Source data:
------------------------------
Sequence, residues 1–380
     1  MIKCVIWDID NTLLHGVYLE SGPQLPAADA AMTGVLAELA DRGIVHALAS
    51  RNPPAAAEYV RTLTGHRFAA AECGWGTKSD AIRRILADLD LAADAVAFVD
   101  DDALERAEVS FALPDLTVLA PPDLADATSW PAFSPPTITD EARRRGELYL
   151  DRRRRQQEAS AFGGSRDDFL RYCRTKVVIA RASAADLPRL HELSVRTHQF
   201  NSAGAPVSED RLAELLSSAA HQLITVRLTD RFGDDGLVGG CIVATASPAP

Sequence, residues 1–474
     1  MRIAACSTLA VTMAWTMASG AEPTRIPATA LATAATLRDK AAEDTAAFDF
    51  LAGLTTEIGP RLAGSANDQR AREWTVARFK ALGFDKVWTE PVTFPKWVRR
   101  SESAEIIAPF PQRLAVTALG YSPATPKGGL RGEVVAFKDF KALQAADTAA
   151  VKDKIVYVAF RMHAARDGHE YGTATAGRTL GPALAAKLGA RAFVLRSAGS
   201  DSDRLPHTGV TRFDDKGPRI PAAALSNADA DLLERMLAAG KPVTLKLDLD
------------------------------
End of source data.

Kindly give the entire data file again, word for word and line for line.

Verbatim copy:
Sequence, residues 1–380
     1  MIKCVIWDID NTLLHGVYLE SGPQLPAADA AMTGVLAELA DRGIVHALAS
    51  RNPPAAAEYV RTLTGHRFAA AECGWGTKSD AIRRILADLD LAADAVAFVD
   101  DDALERAEVS FALPDLTVLA PPDLADATSW PAFSPPTITD EARRRGELYL
   151  DRRRRQQEAS AFGGSRDDFL RYCRTKVVIA RASAADLPRL HELSVRTHQF
   201  NSAGAPVSED RLAELLSSAA HQLITVRLTD RFGDDGLVGG CIVATASPAP

Sequence, residues 1–474
     1  MRIAACSTLA VTMAWTMASG AEPTRIPATA LATAATLRDK AAEDTAAFDF
    51  LAGLTTEIGP RLAGSANDQR AREWTVARFK ALGFDKVWTE PVTFPKWVRR
   101  SESAEIIAPF PQRLAVTALG YSPATPKGGL RGEVVAFKDF KALQAADTAA
   151  VKDKIVYVAF RMHAARDGHE YGTATAGRTL GPALAAKLGA RAFVLRSAGS
   201  DSDRLPHTGV TRFDDKGPRI PAAALSNADA DLLERMLAAG KPVTLKLDLD